She loved the Magic Treehouse series, Roald Dahl and Beverly Cleary books when she was younger. She still rereads those and similar books; I agree that it's nice for a child to continue reading age-appropriate books too.

In reply to an earlier post on Jan 20, 2010 7:26:26 AM PST
Last edited by the author on Jan 20, 2010 8:23:58 AM PST
I had a few suggestions, but if you don't want your son reading Harry Potter, they won't work for you. My 7-year-old loved them, by the way. I guess it's a mater of taste and how sheltered your child needs to be.

Posted on Jan 20, 2010 7:46:28 AM PST
Sandy says:
Focus on appropriate storylines rather than reading level. Consider what your child will be reading as a 13 year old if they continually read high above their maturity level. Keeping your child in stories appropriate to their age and experiences will do more for him than trying to find challenging books.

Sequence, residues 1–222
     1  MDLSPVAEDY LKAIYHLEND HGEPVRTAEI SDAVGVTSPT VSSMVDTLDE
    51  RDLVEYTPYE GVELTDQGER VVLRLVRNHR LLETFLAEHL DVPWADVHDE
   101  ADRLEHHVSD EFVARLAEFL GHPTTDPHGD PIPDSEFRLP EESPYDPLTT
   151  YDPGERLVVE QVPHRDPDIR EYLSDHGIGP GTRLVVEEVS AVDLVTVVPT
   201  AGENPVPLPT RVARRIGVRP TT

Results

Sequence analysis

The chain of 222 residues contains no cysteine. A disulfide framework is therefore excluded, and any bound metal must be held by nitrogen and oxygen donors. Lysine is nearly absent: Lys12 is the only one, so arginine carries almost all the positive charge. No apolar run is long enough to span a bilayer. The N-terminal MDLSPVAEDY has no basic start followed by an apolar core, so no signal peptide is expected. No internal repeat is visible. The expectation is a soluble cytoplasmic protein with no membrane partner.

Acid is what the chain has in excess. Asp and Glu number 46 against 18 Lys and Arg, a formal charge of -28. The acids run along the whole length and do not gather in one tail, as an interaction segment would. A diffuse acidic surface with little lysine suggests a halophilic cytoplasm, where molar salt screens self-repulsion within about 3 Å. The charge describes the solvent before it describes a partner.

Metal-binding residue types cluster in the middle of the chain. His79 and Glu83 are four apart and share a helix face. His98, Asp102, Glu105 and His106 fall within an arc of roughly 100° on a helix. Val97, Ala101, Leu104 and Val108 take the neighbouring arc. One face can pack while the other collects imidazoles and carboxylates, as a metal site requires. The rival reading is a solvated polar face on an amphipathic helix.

Chasing Vermeer Calder Game The Wright 3
Harry Potter- the books are not as scary as the movies
Kingdom Keepers
Peter and the Starcatchers series
Septimus Heap series by Angie Sage
39 Clues
Hatchet
Sideways Stories from Wayside School
Carl Hiassen books
P W Catanese books
More advanced:
Hunger Games
The Last Apprentice series
The Giver

Keep him in the Geronimo Stilton/Weird School/Stink/How to Train a Dragon type books as long as possible. If they are there- they will be read. My daughter still can't walk past a book she hasn't read. lol

Posted on Jan 20, 2010 10:33:10 AM PST
I Miss My Sis

Give this one a try and let me know what you think.

In reply to an earlier post on Jan 20, 2010 1:53:20 PM PST
Omnireader says: